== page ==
I first found the author via Mondo Beyondo and have her second book on order from the Library (you do order your books from the Library, don't you? Free, people, free). And I am not sure the book will add much to my belief in touch and the importance it holds as we raise healthy and attuned young people. (And the Library does not have it yet, so I can't get it for free. Free, people).

I am glad for the reminder I received in that class. That I have a tool to go to when I am feeling stressed out, that I have a tool to offer them when they are. Has it stopped the craziness? Hell no. But does it help. Anyway, I believe it does.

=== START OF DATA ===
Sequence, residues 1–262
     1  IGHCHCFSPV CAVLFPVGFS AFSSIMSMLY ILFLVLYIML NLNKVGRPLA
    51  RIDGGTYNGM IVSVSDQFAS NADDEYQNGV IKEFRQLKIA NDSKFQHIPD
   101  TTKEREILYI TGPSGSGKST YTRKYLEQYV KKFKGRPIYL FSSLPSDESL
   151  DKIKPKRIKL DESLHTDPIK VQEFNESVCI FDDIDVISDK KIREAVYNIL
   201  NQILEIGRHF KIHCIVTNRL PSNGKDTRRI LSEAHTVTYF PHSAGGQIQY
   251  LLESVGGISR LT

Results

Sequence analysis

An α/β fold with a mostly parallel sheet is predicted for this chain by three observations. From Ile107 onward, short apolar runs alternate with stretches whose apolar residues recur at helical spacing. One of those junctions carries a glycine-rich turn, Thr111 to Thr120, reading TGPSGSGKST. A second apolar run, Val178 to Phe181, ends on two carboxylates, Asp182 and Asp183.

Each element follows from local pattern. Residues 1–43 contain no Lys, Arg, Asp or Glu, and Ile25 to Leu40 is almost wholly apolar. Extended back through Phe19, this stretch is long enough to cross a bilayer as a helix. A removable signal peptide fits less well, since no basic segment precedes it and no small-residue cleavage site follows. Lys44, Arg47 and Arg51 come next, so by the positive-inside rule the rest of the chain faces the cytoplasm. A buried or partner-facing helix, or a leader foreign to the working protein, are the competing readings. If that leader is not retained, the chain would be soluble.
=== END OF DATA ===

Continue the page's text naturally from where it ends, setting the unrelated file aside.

Me Mama

Saturday, February 20, 2010

Saturday Inspired :: Log Cabin

JCasa has been posting about her inspired Saturdays and I thought I would join in this week. The project actually started on Thursday but since I finished it this morning and it is currently in use under the head of a napping someone, I figured it would fit right in.

Earlier in the week I read a post by Jennie over at Tangerine and Turquoise about her log cabin pillow project for her sweet boy's classroom. The work in progress caught my eye, as did her explanation when I left a question in the comments. I wanted to know the how and her simple reply was to cut a center square, grab scrap cut stash pieces and see if they fit. Now, that is my kind of instruction.
New Work :: Pillowcase